In complex litigation, as jurisdictional and factual circumstances become increasingly complicated, it is regularly difficult to ascertain the identity of prevailing parties. In Profit Concepts Management, Inc. v. Griffith, the Court of Appeal (Fourth Appellate District, Division Three) offers some additional guidance on the concept. Specifically, the Court considered whether a defendant that successfully quashed service for lack of personal jurisdiction was a "prevailing party" entitled to recover attorney's fees pursuant to a fee recovery clause in a contract underlying the dispute.
The Court first established the framework for its analysis: "Attorney fees are allowable as costs under Code of Civil Procedure section 1032 when they are authorized by contract. (Code Civ. Proc., § 1033.5, subd. (a)(10)(A).)" (Slip op., at p. 3.) Next, the Court noted that authority cited in the trial court by appellant (Berard Construction Co. v. Municipal Court (1975) 49 Cal.App.3d 710) relied upon a prior version of Civil Code section 1717 that had been amended subsequently. The Court than analyzed the outcome of the matter before it to determine if Griffith prevailed:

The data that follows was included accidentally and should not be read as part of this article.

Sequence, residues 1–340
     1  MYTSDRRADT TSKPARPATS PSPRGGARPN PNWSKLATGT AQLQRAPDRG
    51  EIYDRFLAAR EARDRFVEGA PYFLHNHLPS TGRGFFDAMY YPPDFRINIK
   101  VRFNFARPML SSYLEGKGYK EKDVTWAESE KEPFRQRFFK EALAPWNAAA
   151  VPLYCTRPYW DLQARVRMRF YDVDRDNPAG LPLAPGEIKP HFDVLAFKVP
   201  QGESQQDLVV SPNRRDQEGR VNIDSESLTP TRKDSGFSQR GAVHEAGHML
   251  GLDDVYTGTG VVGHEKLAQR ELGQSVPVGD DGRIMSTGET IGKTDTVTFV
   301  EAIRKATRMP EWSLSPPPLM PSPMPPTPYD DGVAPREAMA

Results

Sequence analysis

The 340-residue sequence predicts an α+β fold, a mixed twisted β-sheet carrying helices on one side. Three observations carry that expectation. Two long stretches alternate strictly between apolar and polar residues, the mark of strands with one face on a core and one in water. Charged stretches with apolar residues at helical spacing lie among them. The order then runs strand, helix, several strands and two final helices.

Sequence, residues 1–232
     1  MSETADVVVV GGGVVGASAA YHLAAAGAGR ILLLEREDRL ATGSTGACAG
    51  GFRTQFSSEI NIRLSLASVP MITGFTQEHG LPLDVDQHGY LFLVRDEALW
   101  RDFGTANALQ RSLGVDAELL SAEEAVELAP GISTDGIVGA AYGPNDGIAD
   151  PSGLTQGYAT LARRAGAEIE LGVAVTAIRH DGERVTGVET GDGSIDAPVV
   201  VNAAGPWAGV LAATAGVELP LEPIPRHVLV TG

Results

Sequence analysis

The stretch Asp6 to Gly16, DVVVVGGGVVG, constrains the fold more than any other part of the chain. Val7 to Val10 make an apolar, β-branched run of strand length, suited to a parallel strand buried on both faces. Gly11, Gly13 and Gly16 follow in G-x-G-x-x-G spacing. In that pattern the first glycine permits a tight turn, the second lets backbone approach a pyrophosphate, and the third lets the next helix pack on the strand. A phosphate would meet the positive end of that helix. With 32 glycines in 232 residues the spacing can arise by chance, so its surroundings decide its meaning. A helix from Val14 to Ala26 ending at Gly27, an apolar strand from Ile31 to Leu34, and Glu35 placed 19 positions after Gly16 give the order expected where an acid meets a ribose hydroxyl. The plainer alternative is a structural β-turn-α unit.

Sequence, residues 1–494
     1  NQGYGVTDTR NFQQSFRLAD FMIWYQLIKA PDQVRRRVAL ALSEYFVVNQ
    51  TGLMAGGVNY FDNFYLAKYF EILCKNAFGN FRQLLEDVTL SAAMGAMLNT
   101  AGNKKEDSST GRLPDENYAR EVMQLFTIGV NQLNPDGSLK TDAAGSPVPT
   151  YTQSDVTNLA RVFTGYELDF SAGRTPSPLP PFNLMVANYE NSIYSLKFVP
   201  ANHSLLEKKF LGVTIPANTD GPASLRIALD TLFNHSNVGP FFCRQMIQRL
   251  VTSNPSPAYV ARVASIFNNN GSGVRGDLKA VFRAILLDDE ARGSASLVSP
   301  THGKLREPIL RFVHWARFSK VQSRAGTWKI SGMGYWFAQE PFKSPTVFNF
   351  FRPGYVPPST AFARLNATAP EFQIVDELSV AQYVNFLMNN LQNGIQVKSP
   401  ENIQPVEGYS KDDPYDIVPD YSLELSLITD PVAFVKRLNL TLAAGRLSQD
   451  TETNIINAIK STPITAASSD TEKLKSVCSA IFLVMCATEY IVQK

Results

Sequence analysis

The only claims before the trial court were contained in Profit Concepts’s complaint, which sought compensatory and punitive damages in an amount to be determined, as well as preliminary and permanent injunctive relief. The case in California has been finally resolved. What was awarded on Profit Concepts’s complaint? Zero. Thus, the contract claim was finally resolved within the meaning of Hsu v. Abbara, and that case does not use the term “merits.”
(Slip op., at 7.) Here's the real catch to all of this: "Griffith moved to quash service of summons for lack of personal jurisdiction. Profit Concepts filed a notice of nonopposition to the motion to quash, and the trial court granted the motion." (Slip op., at 3.) You'd have to imagine that Profit Concepts would have opposed the Motion to Quash if it knew that the granting of the Motion would have resulted in Griffith obtaining attorney's fees as the "prevailing party." While this action isn't complex, you can certainly imagine situations like this arising in complex actions with dozens of defendants and cross-defendants. Moral: Be careful who you name as a party in a contract-based action. You might be writing them a check for their attorney's fees.